Big autumnal swells at BudeBude has one of the most exposed harbours in the country. It is why the RNLI trial their inshore rescue boats here! While the harsh conditions make life tough for local fishermen, they can make for some spectacular sights during the autumn and winter storms. It’s a great spot to invigorate your lungs with salty, ozone-laden, Atlantic fresh air! Where better place to take refreshment than at Life’s A Beach, a cafe by day, a bistro by night and with a truly spectacular view over Summerleaze Beach.

4. Golitha Falls

800_0145Golitha Falls are on the upper stretches of the River Fowey running off Bodmin Moor on its way to the south coast located between Liskeard and the moorland village of Minions. A short walk from the car park takes you through level woodland alongside the river before you reach the falls – a tumbling section of the river that, without a doubt, looks it’s absolute best at this time of year. It’s a photographer’s delight!

3. Roughtor

800_9005The second highest peak in Cornwall is easily accessed from a car park leaving an uphill walk of a mile or so to reach the granite-strewn summit. On a clear day you can see both the north and south coasts from here. Everyone who visits Cornwall should climb Roughtor at least once! If you’re feeling energetic you could extend your walk another mile to climb Brown Willy and claim to have been the highest person in Cornwall for a while! If you do that, you’ll certainly have earned yourself the right to enjoy the finest pub roast in Cornwall at the Old Inn at St Breward. It’s a beautiful drive down some narrow lanes but well worth it. You might even bump into ‘Poldark’ as they will be filming there this autumn and Bodmin Moor is the location for many scenes!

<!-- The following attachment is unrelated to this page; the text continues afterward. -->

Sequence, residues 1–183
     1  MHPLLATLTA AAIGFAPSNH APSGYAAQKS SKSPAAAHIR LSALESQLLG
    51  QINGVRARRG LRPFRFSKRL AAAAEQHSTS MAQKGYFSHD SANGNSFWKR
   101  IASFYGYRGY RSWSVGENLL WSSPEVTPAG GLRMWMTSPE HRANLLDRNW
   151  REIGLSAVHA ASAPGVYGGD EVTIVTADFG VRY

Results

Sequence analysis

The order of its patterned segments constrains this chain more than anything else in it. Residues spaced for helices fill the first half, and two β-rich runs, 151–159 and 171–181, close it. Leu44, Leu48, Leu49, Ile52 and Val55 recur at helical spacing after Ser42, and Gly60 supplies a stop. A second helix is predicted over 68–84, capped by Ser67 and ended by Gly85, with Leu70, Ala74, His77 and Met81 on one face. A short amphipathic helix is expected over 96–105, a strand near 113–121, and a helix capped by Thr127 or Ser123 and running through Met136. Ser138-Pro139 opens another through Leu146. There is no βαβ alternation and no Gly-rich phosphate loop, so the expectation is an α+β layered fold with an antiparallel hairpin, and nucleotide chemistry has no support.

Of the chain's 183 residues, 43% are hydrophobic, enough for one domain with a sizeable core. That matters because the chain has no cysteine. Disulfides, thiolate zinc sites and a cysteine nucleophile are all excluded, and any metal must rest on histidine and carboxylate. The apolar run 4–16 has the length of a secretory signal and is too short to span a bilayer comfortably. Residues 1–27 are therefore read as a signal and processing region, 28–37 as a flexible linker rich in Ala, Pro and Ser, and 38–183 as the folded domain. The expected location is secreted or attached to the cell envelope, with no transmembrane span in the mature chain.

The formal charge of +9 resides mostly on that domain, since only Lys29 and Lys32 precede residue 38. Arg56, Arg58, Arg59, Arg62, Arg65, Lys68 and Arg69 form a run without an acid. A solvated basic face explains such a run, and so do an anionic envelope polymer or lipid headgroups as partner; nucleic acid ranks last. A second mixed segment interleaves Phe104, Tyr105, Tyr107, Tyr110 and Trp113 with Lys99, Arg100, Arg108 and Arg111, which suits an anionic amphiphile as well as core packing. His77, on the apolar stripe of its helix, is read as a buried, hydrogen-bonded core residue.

2. Rocky Valley

_7008089This is the downstream section of number 9 between Boscastle and Tintagel. An enchanting walk down past Trewethett Mill to the coast path culminates in a series of falls before the stream plunges in to the sea. It’s a must-see in north Cornwall and we have previously written a little blog with more photos here. If you fancy some refreshment nearby, we recommend you head into Boscastle where there are three excellent pubs, The Cobweb, The Napoleon and The Wellington. If you like it around these parts you might enjoy the 2016 Boscastle and Tintagel calendar on your wall next year.

Number One: The Camel Trail


While most people who explore part of the Camel Trail will head to Padstow from Wadebridge, we recommend that you explore the upper part of the trail from Wenford Bridge (near St Breward) to Dunmere near Bodmin. Whether you choose to cycle or walk, you’ll enjoy some fabulous autumn scenes and scents in a peaceful, family-friendly environment which is both pushchair and wheelchair friendly. At this time of year the path will be golden from the fallen leaves – and who doesn’t enjoy kicking their way through autumn leaves! Our favourite refreshment spots are at either end of the trail. We’ve already mentioned the Old Inn at St Breward but if you decide to go all the way into Padstow for some fish and chips, we suggest you don’t head for the well-know chef’s outlet but instead try ‘Chip-Ahoy‘ in a side street off the harbour. (It’s where the locals go – say no more!)

After all that, do you fancy an autumn holiday in Cornwall? We have vacancies throughout November, check out the rest of our website – click here


(All photos by Tim Martindale Photography)